Stanford University
Jeff Tester

ERE Seminar - Jeff Tester: "Earth Source Heat at Cornell – Geothermal energy’s evolving role in decarbonization – in NY State and beyond"

ERE Seminars Are Now In Person

When:
-
Where:
Green Earth Sciences Building, 367 Panama Street, Stanford, 104
Audience:
Faculty, Students
Sponsors:
Energy Resources Engineering

Jeff Tester

Professor of Sustainable Energy Systems
Robert Smith School of
Chemical and Biomolecular Engineering
Cornell University


Monday, May 16, 2022
12:15 PM - 1:15 PM


Room 104, Green Earth Sciences Building, 367 Panama Street, Stanford
Overflow Room - Room 014

Bio

Dr. Tester is a Professor of Sustainable Energy Systems in the School of Chemical and Biomolecular Engineering at Cornell University.  He also serves as Cornell’s Principal Scientist for Earth Source Heat. Dr. Tester founded and served as Director of the Cornell Energy Institute from 2009 -2017 and is a Fellow in the Atkinson Center for a Sustainable Future and a Croll Energy Fellow.  Prior to his appointment at Cornell in 2009, Dr. Tester was the H.P. Meissner Professor of Chemical Engineering at the Massachusetts Institute of Technology and served as Director of MIT's Energy Laboratory for 12 years (1989-2001).

He led a study of the geothermal potential of the US, resulting a major report in 2007– The Future of Geothermal Energy.  Dr. Tester was the US representative for geothermal energy to the IPCC working group. In 2011, he received the Special Achievement Award from the Geothermal Resources Council. In 2021, he was elected to the National Academy of Engineering.  Currently he is leading Cornell’s decarbonization efforts to use geothermal heat extracted from rocks at depths to 3+ km for supplying the campus district heating system.  He has published extensively in the energy field having co-authored over 300 research papers and 13 books, including a graduate textbook on thermodynamics, two books on geothermal energy technology, and a popular energy textbook --Sustainable Energy – Choosing Among Options.  His current research is focused on experimental and theoretical studies and systems modeling of geothermal and biomass resources to recover and utilize renewable energy, recycle nutrients, and provide clean water to meet decarbonization and sustainability goals within a circular bio-economy.

Abstract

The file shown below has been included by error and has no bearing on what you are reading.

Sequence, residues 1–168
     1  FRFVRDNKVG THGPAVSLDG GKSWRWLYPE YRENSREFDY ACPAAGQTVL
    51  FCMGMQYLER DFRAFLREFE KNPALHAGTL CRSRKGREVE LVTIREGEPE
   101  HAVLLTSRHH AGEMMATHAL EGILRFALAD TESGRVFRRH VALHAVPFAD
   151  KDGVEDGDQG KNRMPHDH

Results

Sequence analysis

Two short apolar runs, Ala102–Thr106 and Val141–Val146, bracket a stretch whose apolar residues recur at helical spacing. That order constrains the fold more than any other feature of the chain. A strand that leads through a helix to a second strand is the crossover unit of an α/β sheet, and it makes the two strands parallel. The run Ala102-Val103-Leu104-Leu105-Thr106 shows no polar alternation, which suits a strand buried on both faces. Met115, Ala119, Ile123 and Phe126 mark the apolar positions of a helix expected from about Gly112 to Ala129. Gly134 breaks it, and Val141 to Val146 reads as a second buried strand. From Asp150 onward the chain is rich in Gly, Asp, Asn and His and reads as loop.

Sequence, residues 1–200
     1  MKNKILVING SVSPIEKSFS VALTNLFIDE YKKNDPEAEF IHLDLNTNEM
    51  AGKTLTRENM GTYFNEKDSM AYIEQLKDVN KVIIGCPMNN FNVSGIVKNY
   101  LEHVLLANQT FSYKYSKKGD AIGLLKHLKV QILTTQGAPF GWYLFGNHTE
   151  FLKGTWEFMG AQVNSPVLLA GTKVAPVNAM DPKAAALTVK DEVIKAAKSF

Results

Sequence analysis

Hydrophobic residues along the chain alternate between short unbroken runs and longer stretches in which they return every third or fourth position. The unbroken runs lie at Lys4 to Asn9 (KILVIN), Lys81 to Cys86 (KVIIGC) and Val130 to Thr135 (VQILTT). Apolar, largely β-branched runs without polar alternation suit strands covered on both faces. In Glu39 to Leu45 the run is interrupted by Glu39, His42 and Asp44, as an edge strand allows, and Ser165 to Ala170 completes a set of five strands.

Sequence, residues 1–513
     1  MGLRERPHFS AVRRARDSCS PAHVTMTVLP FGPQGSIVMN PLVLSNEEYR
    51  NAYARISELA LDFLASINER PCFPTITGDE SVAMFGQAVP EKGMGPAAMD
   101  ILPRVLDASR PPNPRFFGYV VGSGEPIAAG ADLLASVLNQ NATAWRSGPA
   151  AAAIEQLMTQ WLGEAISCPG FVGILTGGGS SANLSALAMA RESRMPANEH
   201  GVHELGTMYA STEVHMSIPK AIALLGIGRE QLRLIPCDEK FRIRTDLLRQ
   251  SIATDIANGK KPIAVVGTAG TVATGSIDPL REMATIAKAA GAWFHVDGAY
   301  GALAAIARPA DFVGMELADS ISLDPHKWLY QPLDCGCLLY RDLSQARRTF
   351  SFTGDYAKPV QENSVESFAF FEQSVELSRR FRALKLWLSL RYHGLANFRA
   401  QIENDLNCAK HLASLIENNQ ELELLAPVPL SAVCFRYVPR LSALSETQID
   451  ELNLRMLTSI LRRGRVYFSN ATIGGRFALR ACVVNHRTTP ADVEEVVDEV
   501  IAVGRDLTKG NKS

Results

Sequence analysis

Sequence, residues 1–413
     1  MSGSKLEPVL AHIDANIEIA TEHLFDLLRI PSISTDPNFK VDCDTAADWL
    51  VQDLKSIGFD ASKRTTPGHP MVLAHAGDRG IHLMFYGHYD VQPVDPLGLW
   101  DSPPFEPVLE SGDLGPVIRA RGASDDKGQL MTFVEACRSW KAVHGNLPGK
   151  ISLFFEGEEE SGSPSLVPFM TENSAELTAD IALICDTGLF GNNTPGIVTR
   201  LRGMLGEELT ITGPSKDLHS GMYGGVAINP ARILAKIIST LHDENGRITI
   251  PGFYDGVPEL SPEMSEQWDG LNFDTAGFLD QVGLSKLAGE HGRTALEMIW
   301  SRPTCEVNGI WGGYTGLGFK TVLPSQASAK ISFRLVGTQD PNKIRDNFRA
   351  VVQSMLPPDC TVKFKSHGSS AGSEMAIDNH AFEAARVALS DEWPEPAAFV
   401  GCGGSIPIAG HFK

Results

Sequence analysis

Sixteen states in the U.S. have set aggressive goals to decarbonize their energy footprint by 80% or more by 2050.  These goals present a significant challenge particularly for heating-dominated states where between 20 and 40% of their carbon footprint results from burning natural gas, fuel oil and propane for space and water heating in residential and commercial buildings and for providing low-temperature industrial process heat.  Most federal and state energy polices and incentives currently focus on promoting renewable solar PV and wind power for generating electricity and electrifying land transportation – often ignoring the need for decarbonizing the supply of thermal energy for heating. Moderate temperature geothermal resources at 100°C or less could provide an accessible and affordable low-carbon alternative for meeting a majority of these heating demands.  Cornell has initiated a project to demonstrate the use of Earth Source Heat (ESH) technology to provide geothermal baseload heating as a key component of its strategy to reach carbon neutrality for its Ithaca campus. A successful Cornell ESH demonstration will serve as a model for rural and urban communities in New York State as well as for the Northern Tier of the U.S.  At this seminar, Cornell’s ongoing ESH project will be discussed including, (1) Site-selection and design of an initial exploratory well that will be drilled on the campus this summer, (2) Research on subsurface science and reservoir engineering, and (3) Integrated energy systems analysis combining baseload district heating using ESH with peak heating with waste biomass.

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